Once the size of the union of multiple sets S_{1}U . . . US_{m }is sufficiently big, e.g. the key share components related to S_{1}U . . . US_{m }amount to 256 bits or 512 bits, the combined intermediate value may be decrypted and combined with other decrypted values as described above in the case where the number of elements t in each set S is sufficiently big.

In the embodiment described here above, the partitioning of (i,j) couples into the sets {S_{1}, . . . , S_{u}}, defining which FHE secret key should be used to FHE encrypt each key share component, is chosen by the server and used by the client device. Such a solution is efficient but has the major drawback of being static. Until the server defines new sets, the client device will use in subsequent signature generations the same pattern: encrypted key share components grouping in sets will be the same and steps performing calculations on all the key share components of a given set will keep performing calculations on the same key share components one signature after the other. An attacker may take advantage of such a pattern and retrieve key share components after multiple attacks on several signature generations.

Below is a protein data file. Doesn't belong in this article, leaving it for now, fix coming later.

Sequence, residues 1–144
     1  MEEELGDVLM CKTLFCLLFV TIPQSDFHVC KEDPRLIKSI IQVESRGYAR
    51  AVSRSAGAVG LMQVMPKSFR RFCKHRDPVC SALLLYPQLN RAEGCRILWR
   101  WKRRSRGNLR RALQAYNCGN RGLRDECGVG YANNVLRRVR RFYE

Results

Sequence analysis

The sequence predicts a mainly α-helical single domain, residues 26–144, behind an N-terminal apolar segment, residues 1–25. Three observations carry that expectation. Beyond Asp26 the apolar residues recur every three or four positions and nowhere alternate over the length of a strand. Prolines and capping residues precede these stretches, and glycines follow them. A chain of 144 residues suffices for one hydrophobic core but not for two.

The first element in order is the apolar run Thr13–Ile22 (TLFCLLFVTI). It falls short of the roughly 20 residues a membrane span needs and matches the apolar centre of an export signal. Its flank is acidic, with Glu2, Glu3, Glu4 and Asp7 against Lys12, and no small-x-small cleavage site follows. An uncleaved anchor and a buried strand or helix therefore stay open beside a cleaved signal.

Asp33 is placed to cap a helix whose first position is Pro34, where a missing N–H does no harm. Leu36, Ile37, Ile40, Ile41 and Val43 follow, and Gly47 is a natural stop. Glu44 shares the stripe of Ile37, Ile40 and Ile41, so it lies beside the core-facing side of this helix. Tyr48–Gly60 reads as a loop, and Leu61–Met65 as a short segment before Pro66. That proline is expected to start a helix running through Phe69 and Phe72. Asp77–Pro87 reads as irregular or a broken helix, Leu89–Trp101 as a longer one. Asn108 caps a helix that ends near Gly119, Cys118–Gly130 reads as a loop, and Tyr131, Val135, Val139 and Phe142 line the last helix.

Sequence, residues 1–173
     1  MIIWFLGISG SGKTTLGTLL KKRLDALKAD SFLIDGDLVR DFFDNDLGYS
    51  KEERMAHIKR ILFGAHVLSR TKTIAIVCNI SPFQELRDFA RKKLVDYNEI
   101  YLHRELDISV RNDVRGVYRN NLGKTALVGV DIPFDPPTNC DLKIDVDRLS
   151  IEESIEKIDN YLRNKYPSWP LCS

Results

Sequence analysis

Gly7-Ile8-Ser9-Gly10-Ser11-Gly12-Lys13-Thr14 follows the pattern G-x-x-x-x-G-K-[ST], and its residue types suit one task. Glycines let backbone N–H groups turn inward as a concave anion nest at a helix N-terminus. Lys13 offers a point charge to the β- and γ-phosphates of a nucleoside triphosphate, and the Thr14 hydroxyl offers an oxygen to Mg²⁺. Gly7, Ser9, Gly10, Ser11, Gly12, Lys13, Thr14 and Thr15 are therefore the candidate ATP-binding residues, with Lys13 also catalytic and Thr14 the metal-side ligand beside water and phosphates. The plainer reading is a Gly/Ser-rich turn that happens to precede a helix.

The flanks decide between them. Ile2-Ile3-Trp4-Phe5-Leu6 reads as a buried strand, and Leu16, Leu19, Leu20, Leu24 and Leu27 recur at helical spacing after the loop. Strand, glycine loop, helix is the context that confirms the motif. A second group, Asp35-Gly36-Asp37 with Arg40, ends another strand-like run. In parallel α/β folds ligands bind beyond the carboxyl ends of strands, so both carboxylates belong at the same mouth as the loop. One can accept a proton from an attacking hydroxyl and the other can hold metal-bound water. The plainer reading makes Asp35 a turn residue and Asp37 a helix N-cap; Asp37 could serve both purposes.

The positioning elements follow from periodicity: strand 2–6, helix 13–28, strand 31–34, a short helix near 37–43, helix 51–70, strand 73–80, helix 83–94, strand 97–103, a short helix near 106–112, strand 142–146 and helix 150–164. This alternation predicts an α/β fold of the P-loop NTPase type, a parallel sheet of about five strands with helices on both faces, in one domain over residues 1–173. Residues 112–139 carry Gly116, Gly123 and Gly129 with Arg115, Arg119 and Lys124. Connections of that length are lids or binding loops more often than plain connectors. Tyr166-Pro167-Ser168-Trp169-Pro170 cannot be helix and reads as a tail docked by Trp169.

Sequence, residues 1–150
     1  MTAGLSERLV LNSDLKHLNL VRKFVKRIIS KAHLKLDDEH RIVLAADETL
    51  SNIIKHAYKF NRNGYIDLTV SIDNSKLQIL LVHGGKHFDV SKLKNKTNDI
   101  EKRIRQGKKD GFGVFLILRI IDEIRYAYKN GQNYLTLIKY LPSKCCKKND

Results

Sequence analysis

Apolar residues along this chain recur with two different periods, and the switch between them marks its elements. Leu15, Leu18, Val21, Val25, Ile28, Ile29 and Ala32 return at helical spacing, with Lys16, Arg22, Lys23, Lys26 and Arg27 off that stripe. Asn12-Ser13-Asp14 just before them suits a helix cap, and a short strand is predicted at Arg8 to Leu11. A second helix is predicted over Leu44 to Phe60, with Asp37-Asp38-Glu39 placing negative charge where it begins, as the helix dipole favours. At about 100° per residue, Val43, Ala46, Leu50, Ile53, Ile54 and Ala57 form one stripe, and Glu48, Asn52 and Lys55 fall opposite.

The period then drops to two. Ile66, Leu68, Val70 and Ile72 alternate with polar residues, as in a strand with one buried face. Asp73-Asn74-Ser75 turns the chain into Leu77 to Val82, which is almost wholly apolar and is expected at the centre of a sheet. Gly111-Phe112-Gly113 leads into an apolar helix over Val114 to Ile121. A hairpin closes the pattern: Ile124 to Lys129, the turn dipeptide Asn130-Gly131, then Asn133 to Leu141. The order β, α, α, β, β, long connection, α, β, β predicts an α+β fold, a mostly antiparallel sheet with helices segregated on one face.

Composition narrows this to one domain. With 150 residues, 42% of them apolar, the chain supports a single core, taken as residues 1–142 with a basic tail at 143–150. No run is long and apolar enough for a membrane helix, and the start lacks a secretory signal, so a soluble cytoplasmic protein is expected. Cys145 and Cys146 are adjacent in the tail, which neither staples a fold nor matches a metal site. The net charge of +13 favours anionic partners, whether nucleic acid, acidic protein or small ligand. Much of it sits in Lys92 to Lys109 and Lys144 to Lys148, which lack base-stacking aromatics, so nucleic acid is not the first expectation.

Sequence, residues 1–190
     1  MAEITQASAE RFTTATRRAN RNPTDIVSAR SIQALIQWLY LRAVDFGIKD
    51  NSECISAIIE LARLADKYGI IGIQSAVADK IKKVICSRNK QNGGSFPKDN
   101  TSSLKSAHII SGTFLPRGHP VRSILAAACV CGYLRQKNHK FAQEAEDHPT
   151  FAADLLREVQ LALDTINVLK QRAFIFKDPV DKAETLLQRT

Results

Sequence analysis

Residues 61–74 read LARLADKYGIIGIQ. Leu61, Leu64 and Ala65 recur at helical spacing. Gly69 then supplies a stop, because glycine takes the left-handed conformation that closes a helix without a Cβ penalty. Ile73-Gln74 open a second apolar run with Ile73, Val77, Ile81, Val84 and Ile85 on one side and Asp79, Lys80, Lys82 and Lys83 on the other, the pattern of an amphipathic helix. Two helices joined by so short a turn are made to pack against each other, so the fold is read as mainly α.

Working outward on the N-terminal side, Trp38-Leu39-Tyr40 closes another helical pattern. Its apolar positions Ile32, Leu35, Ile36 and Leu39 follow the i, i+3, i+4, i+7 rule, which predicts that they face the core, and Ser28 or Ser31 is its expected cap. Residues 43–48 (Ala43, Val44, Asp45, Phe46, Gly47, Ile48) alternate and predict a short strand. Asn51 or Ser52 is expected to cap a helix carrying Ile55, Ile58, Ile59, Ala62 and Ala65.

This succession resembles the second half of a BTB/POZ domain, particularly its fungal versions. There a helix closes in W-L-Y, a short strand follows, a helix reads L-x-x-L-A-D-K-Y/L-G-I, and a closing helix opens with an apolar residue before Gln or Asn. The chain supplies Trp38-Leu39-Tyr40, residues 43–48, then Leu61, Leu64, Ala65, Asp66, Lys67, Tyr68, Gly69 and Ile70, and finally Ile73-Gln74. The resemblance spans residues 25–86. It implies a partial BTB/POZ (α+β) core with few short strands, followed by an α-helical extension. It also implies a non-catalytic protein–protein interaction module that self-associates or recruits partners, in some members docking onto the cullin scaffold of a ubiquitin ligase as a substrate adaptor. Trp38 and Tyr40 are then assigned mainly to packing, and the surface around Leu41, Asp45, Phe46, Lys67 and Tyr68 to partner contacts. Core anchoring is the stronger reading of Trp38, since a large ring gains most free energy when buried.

In another embodiment, the client device may disregard the sets generated by the server and generate his own sets, possibly for each signature generation. However, in such an embodiment, the server, when generating the secure RSA key, does not know which key share components will be gathered in a same set on the client side. Such key share components associated with a given set are to be combined together when computing the intermediate value for this set, as described in the second signature step T**2** here above. In order to do so, and since such a combination is performed under FHE encrypted form, encrypted key share components generated by the server in the third generation step S**3** described here above shall all be encrypted with a single FHE secret key. As a result, in this embodiment, FHE secret keys p_{S }of sets S_{S }shall all be identical.